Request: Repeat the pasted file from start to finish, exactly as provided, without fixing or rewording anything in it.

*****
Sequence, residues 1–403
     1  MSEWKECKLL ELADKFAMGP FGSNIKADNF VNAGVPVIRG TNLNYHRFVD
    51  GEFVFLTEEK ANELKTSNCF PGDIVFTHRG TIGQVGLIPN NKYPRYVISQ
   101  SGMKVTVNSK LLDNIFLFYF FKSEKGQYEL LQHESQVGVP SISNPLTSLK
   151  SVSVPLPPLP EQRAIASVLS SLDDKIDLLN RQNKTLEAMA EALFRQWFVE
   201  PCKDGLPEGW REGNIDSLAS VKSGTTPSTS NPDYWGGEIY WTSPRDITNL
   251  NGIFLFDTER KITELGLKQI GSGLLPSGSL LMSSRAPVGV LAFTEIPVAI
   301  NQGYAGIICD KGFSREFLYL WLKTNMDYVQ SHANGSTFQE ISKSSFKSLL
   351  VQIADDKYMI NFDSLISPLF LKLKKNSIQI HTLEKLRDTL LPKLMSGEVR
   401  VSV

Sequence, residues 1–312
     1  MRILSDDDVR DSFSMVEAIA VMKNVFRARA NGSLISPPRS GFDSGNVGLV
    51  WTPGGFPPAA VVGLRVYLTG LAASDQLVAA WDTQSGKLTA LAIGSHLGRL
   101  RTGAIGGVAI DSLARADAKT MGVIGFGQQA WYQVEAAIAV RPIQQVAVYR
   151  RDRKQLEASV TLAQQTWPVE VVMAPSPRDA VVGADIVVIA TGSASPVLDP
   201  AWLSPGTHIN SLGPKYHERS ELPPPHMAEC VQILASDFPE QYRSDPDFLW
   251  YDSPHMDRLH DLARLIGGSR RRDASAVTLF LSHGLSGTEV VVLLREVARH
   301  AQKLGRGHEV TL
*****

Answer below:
Sequence, residues 1–403
     1  MSEWKECKLL ELADKFAMGP FGSNIKADNF VNAGVPVIRG TNLNYHRFVD
    51  GEFVFLTEEK ANELKTSNCF PGDIVFTHRG TIGQVGLIPN NKYPRYVISQ
   101  SGMKVTVNSK LLDNIFLFYF FKSEKGQYEL LQHESQVGVP SISNPLTSLK
   151  SVSVPLPPLP EQRAIASVLS SLDDKIDLLN RQNKTLEAMA EALFRQWFVE
   201  PCKDGLPEGW REGNIDSLAS VKSGTTPSTS NPDYWGGEIY WTSPRDITNL
   251  NGIFLFDTER KITELGLKQI GSGLLPSGSL LMSSRAPVGV LAFTEIPVAI
   301  NQGYAGIICD KGFSREFLYL WLKTNMDYVQ SHANGSTFQE ISKSSFKSLL
   351  VQIADDKYMI NFDSLISPLF LKLKKNSIQI HTLEKLRDTL LPKLMSGEVR
   401  VSV

Sequence, residues 1–312
     1  MRILSDDDVR DSFSMVEAIA VMKNVFRARA NGSLISPPRS GFDSGNVGLV
    51  WTPGGFPPAA VVGLRVYLTG LAASDQLVAA WDTQSGKLTA LAIGSHLGRL
   101  RTGAIGGVAI DSLARADAKT MGVIGFGQQA WYQVEAAIAV RPIQQVAVYR
   151  RDRKQLEASV TLAQQTWPVE VVMAPSPRDA VVGADIVVIA TGSASPVLDP
   201  AWLSPGTHIN SLGPKYHERS ELPPPHMAEC VQILASDFPE QYRSDPDFLW
   251  YDSPHMDRLH DLARLIGGSR RRDASAVTLF LSHGLSGTEV VVLLREVARH
   301  AQKLGRGHEV TL